Gradient partnered with Boston-area community organizations and local universities to evaluate potential health risks associated with recreational boating in an urban, legacy industrial waterbody.
The Malden River emerges from a culvert south of Malden center, flows to the southern border of Malden, then forms the border between Medford and Everett as it flows toward its confluence with the Mystic River just a few miles north of Boston. During the mid-1800s to early 1900s, the Malden River was the site of expanding industrial operations that relied on the river for transportation, water supply, and waste disposal (Figure). Following World War II, the majority of these heavy industrial operations moved to other locations, but this industrial history left a legacy of hazardous materials in the Malden River sediments (USACE, 2008). The lower portion of the Malden River watershed remains heavily urbanized, and much of the land along the banks is still zoned for industrial activity.
An inaugural public boating event…was held at the Malden Rowing Center site on September 28, 2019.”
In recent years, interest in developing the Malden River corridor as an urban amenity, including for recreational boating, has increased. The Mystic River Watershed Association (MyRWA) has been working for several years to coordinate development of a recreational and non-motorized transportation corridor along the Malden River, and the Friends of the Malden River (FOMR) organized for the purpose of bringing the Malden River back to vibrant, civic life. MyRWA and FOMR have been supported in their efforts by local universities, including the Tufts University Water Systems, Science & Society program, and the Massachusetts Institute of Technology (MIT) Center for Environmental Health Sciences (CEHS). These efforts have yielded some success. River’s Edge, a 215-acre public/private mixed-use development along the Malden River, includes a boat launch dock for that development, and MyRWA was successful in getting pedestrian and bicycle access lanes along the river banks under the redeveloped Rt. 16 Bridge. Despite these successes, and the efforts and interest of many parties, development of on-water recreation stalled due to concerns about the legacy impacts from the former heavy industry and the bacterial loads from the urbanized watershed. In 2014, in an eort to begin addressing these concerns, MyRWA provided in-kind research support for MIT students working under the direction of Gradient Principal Dr. David Langseth, then also a Senior Lecturer at MIT, and Prof. Harry Hemond. Some of this research produced preliminary evaluations of potential health risks from boating on the Malden River.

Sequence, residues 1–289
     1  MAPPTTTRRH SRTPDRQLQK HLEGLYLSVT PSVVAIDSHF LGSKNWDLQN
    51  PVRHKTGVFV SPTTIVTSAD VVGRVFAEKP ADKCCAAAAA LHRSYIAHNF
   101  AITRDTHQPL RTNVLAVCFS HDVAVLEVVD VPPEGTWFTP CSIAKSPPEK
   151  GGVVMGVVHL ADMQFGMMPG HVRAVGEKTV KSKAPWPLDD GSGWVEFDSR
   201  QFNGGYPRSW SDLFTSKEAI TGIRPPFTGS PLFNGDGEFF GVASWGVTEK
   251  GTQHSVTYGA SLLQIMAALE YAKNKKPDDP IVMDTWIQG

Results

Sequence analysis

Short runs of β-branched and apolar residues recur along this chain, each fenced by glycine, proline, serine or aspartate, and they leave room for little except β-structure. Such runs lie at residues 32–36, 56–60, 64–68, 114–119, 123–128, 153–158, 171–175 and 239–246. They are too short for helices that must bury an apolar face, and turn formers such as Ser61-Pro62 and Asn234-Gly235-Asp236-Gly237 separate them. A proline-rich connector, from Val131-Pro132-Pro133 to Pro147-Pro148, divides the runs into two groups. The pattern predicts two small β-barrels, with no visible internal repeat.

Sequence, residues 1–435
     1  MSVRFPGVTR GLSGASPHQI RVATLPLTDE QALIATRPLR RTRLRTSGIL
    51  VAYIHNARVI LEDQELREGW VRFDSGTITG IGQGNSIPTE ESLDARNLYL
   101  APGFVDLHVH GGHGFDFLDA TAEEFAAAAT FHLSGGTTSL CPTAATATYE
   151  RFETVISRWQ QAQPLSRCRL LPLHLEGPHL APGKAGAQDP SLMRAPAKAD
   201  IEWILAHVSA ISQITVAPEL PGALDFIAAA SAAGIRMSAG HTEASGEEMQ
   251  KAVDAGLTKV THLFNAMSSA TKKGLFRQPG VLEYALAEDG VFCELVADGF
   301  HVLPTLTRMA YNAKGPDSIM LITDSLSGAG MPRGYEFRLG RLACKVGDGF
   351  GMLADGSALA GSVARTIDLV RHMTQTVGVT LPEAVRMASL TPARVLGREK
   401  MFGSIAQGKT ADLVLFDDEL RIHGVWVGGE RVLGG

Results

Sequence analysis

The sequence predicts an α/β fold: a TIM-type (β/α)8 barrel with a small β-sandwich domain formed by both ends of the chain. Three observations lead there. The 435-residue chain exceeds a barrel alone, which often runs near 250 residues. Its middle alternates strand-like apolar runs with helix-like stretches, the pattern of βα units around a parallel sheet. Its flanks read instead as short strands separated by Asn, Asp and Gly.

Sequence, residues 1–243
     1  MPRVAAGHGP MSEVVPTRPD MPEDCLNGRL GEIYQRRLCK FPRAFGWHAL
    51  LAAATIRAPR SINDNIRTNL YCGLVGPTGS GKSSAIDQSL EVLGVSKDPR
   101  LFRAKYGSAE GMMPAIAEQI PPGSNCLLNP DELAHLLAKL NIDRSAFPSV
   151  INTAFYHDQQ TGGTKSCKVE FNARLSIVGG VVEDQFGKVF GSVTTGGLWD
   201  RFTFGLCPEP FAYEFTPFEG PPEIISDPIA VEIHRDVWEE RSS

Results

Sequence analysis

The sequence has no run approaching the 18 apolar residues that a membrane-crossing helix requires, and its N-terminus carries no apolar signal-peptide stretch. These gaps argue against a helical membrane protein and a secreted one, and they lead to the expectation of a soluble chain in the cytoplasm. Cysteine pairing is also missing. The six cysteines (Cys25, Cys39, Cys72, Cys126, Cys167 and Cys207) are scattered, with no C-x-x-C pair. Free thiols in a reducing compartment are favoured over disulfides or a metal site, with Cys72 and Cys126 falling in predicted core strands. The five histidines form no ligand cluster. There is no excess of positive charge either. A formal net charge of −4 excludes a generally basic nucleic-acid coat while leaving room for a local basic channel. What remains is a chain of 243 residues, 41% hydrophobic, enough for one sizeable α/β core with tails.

In 2016, MyRWA engaged Gradient to perform a human health risk assessment for recreational boating on the Malden River that would be consistent with current regulatory protocols. MIT was also a cooperator with this program, supporting community engagement and some of the data gathering.
MyRWA specified nine sites for Gradient to evaluate in this study: two sites that were currently used by school crew teams and seven sites under consideration for public recreational boating access. After review of the available sediment trace chemical data, Gradient recommended a data collection program that would provide greater consistency of data for each site under consideration. MyRWA staff collected the samples, using protocols reviewed and approved by Gradient, and had the samples analyzed at Alpha Analytical Laboratories.
Gradient evaluated cancer and non-cancer potential human health risks using standard protocols from state and federal risk assessment guidance combined with site-specific assessment of activities and exposures expected for four different classes of recreational boaters: 1) occasional boaters; 2) frequent adult boaters; 3) competitive youth boaters; and 4) competitive collegiate boaters. We also evaluated boat launch employees. the assessment focused on three classes of compounds commonly found in sediments of rivers subjected to industrial discharges: 1) metals; 2) polychlorinated biphenyls (PCBs); and 3) polycyclic aromatic hydrocarbons (PAHs).
Gradient’s risk assessment showed that incremental cancer risks were within or below the US Environmental Protection Agency (US EPA) target risk range and at or below the Massachusetts Department of Environmental Protection (MADEP) target risk limit, and all incremental non- cancer risks were below the US EPA and MADEP target hazard index of 1. These results paved the way for initiation of public boating access to the Malden River. An inaugural public boating event, in which Gradient Principal Dr. Langseth participated, was held at the Malden Rowing Center site on September 28, 2019 (Figure; photo credit: Khalil Kaba), and efforts are currently underway to site a public boat rental location on the Malden River.
US Army Corps of Engineers (USACE). 2008. “Malden River Ecosystem Restoration Detailed Project Report & Environmental Assessment.” New England District. 114p., June. Accessed at https://www.nae.usace.army.mil/Portals/74/docs/Topics/MaldenRiver/DPR_Final.pdf.